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ranking = 944.64301107157
keywords = ophthalmoplegia
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3/84. Unilateral thalamic infarction and vertical gaze palsy: cause or coincidence?

    Although vertical gaze palsy (VGP) is commonly associated with lesions of the rostral mesencephalon, there is some evidence that VGP may also be caused by a unilateral thalamic lesion. The case of a 68-year-old man with persistent upward gaze palsy after a unilateral thalamic infarction, demonstrated on computed tomography and magnetic resonance imaging scans, is presented. Subsequent high-resolution magnetic resonance scanning, however, showed involvement of the rostral mesencephalon as well. The authors suggest that in previous patients with VGP ascribed to a unilateral thalamic infarction, a coexisting mesencephalic involvement may have been missed because of inappropriate imaging techniques. Strong evidence of unilateral thalamic infarction as a cause of VGP is still lacking.
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ranking = 6
keywords = palsy
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4/84. Clinicopathological study of atypical motor neuron disease with vertical gaze palsy and ballism.

    The case of a 38-year-old patient with rapidly progressing motor neuron disease, complicated by major dysfunction of the extrapyramidal system and of vertical gaze is described. Neuropathological examination revealed a degenerative process that severely affected the lower motor neurons, as well as the neurons of the pars compacta of the substantia nigra, the nucleus of Darkschewitsch, the nucleus interstitialis of Cajal, the colliculi superiores, and the pallidum. The long tracts were unaffected at all levels of the brain stem and spinal cord. There was no convincing evidence for the presence of a multiple system atrophy or progressive supranuclear palsy; the results rather revealed a pattern of vulnerability characteristic of a variant of motor neuron disease.
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ranking = 643.34963623021
keywords = supranuclear, progressive supranuclear, supranuclear palsy, palsy
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5/84. Case report: one-and-a-half-syndrome and tuberculosis of the pons in a patient with AIDS.

    A patient with advanced AIDS presented with right conjugate gaze palsy and impaired adduction on left gaze (the one-and-a-half syndrome). The responsible pontine lesion involved the ipsilateral abducens nucleus and the adjacent medial longitudinal fasiculus (MLF), as demonstrated by magnetic resonance imaging (MRI). tuberculosis (TB) was the etiology of the brainstem lesion. The patient had complete recovery after anti-tuberculosis treatment. The nuclear location of the tuberculoma is unusual and the reversal of this neuro-ophthalmologic syndrome is noteworthy.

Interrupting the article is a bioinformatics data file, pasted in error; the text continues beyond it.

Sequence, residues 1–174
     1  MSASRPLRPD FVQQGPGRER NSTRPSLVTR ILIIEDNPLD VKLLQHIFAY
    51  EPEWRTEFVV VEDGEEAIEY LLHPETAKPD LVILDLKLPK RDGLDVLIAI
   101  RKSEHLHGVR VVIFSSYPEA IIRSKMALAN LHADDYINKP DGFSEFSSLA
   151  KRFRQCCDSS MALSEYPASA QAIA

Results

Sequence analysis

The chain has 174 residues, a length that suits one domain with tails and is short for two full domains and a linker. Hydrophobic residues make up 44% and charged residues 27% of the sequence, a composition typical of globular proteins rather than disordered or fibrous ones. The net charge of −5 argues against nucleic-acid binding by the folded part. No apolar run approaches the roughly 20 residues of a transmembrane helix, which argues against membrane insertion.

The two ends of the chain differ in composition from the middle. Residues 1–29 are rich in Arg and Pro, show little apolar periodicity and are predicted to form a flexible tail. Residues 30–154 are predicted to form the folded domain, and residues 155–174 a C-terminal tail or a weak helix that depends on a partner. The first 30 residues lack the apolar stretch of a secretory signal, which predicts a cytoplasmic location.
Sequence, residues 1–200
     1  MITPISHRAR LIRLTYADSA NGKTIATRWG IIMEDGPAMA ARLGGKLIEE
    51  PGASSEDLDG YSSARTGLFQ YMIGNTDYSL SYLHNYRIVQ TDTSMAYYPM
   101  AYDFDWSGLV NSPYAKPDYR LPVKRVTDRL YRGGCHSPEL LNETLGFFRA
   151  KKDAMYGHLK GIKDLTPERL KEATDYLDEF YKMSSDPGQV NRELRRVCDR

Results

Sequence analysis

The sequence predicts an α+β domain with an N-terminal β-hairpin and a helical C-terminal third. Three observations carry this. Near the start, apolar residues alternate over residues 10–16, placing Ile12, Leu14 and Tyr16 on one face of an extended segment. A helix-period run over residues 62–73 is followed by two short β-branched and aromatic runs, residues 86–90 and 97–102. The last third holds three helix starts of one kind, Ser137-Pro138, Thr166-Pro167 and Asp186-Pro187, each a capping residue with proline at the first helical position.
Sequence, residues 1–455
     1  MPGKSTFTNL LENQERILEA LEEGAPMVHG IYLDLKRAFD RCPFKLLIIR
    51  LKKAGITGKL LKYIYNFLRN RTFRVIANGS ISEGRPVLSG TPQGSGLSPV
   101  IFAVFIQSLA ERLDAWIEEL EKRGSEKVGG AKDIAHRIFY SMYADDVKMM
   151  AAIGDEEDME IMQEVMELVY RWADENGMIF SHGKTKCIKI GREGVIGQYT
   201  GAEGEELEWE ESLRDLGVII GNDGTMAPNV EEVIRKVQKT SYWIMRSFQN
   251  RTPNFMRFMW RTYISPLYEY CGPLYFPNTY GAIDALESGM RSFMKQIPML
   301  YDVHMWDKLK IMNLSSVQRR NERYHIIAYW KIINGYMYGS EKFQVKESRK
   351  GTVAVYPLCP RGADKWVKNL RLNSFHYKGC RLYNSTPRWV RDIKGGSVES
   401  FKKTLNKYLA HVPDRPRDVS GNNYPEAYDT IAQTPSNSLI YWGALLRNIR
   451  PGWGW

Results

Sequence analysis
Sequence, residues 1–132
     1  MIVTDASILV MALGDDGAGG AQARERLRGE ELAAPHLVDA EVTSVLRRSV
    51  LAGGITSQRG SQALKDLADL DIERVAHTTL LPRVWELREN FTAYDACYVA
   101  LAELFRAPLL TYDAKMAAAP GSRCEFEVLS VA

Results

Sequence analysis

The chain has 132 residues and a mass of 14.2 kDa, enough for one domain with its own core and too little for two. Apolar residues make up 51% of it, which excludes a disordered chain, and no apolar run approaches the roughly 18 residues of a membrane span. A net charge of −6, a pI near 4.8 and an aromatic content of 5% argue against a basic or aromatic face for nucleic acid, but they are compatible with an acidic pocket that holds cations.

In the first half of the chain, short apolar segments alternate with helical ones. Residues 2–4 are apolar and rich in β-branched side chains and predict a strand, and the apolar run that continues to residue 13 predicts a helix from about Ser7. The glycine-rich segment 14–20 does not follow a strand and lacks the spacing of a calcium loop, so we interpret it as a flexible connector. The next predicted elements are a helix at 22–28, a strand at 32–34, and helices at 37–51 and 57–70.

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ranking = 1
keywords = palsy
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6/84. Eye deviation in patients with one-and-a-half syndrome.

    To understand malalignments of the visual axes in one-and-a-half syndrome, we measured eye positions in 4 patients with this syndrome under two conditions: with Frenzel goggles to prevent eye fixation and without Frenzel goggles. When fixation was prevented with the Frenzel goggles, all patients showed mild outward deviation in both eyes. Removal of the Frenzel goggles elicited adduction of the eye ipsilateral to the side of the lesion for fixation, with greater outward deviation of the contralateral eye (acute stage), or adduction of both eyes to midposition for biocular fixation (convalescent stage). In 3 patients whose outward eye deviation with Frenzel goggles was greater on the ipsilateral side, a transition from one-and-a-half syndrome to ipsilateral internuclear ophthalmoplegia was noted, whereas a transition to ipsilateral gaze palsy was seen in the one patient whose deviation was greater on the contralateral side. These findings suggest that in one-and-a-half syndrome patients, the eyes tend to be in divergent positions when fixation is prevented; ipsilateral eye deviation may result from medial longitudinal fasciculus involvement, and contralateral eye deviation may result from paramedian pontine reticular formation involvement. Viewing a target may lead to a secondary deviation or adaptation of eye positions for fixation.